Shear texture gradient in AA6061 aluminum alloy processed by accumulative roll bonding with high roll roughness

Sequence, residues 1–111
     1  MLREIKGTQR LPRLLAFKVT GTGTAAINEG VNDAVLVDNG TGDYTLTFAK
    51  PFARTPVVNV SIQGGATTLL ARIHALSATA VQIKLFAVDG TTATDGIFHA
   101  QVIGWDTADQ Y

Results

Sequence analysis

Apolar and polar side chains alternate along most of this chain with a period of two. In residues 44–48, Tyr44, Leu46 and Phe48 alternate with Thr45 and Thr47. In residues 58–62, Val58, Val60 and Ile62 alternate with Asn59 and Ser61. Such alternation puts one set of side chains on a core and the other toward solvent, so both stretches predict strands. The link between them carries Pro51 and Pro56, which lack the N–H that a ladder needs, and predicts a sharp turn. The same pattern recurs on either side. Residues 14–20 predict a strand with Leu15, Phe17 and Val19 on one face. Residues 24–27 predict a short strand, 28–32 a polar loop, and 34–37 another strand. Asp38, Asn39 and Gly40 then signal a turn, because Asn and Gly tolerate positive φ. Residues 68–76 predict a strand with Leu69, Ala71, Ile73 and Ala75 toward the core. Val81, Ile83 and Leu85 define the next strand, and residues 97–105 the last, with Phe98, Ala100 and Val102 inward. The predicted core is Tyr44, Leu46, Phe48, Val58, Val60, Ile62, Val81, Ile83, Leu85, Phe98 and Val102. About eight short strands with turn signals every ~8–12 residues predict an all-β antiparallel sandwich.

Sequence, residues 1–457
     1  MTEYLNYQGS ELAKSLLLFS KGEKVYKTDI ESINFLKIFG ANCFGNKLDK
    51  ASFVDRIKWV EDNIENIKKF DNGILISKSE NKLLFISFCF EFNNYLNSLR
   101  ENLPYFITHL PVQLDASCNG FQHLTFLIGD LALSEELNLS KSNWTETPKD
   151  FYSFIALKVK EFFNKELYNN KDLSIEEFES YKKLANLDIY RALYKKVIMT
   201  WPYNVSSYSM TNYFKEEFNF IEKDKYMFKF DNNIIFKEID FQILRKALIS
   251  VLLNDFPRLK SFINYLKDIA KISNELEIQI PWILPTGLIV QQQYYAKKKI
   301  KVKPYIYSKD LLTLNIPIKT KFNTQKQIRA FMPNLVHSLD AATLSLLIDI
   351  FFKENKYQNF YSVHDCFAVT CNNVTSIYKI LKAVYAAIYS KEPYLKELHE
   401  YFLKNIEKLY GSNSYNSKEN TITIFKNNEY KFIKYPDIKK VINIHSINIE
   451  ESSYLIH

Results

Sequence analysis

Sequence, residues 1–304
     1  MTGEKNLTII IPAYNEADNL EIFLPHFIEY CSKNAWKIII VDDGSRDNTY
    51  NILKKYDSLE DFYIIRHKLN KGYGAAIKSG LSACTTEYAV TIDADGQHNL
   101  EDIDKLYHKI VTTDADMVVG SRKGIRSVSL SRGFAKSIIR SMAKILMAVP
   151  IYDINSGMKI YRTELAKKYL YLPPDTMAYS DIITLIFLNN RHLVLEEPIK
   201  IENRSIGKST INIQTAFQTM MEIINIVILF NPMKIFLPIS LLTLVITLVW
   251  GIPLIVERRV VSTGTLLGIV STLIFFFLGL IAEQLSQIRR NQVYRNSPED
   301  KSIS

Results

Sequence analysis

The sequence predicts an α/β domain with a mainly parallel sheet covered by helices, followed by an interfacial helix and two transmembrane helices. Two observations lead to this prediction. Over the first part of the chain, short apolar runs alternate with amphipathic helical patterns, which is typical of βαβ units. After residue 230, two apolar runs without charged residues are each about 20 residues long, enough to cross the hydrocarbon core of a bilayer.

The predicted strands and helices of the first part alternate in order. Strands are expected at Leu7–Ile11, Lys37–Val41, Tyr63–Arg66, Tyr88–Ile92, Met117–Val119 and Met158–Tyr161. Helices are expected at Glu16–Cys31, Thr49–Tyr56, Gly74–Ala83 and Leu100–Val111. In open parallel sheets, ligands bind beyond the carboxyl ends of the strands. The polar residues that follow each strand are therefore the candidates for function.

The through thickness texture gradient in accumulative roll bonding (ARB) processed materials is largely dependent on the friction between the rolls and the sheet during deformation. In this study, AA6061 aluminum alloy was pre-heated to 200 C for 180 s and subjected to ARB deformation under dry conditions for up to 5 cycles using rolls with a high surface roughness. The imposition of high friction conditions during rolling resulted in a large texture gradient in the through thickness of the ARB strip. The bulk texture at the strip surface mainly comprised the Rotated Cube orientation for all cycles. The strip quarter thickness consisted of a combination of a Copper dominated b-fiber and the Rotated Cube orientation after 5 cycles. The bulk texture at the strip center evolved from a predominantly Cube orientation in the fully annealed condition to one that comprised typical fcc rolling orientation components after 1 cycle. Thereafter, a gradual increase in the volume fraction of the Rotated Cube component was seen for up to 5 cycles. As expected, the average bulk texture up to 5 cycles returned the highest volume fraction for the Rotated Cube orientation along with significantly smaller volume fractions for the ideal rolling orientations. The combination of high friction induced shear deformation and the unique alternating sandwich- type deformation pattern of ARB resulted in an increasingly uniform redistribution of shear-type orientation components across the strip thickness with increasing number of cycles.
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